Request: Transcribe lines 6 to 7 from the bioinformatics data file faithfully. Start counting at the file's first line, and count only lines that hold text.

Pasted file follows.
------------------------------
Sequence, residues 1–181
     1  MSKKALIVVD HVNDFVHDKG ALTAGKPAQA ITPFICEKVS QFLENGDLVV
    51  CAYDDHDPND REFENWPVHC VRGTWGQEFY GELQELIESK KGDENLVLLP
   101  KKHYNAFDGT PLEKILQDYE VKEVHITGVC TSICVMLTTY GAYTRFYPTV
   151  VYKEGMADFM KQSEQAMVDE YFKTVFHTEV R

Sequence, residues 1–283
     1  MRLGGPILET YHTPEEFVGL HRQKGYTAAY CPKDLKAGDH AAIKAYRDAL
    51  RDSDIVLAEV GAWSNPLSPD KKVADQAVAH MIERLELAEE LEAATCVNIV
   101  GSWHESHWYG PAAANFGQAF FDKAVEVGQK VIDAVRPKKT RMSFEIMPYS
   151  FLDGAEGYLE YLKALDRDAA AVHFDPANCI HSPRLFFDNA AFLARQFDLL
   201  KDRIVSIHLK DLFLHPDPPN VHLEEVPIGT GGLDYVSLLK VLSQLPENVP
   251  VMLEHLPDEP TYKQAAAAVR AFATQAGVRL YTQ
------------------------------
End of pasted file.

Sequence, residues 1–283
     1  MRLGGPILET YHTPEEFVGL HRQKGYTAAY CPKDLKAGDH AAIKAYRDAL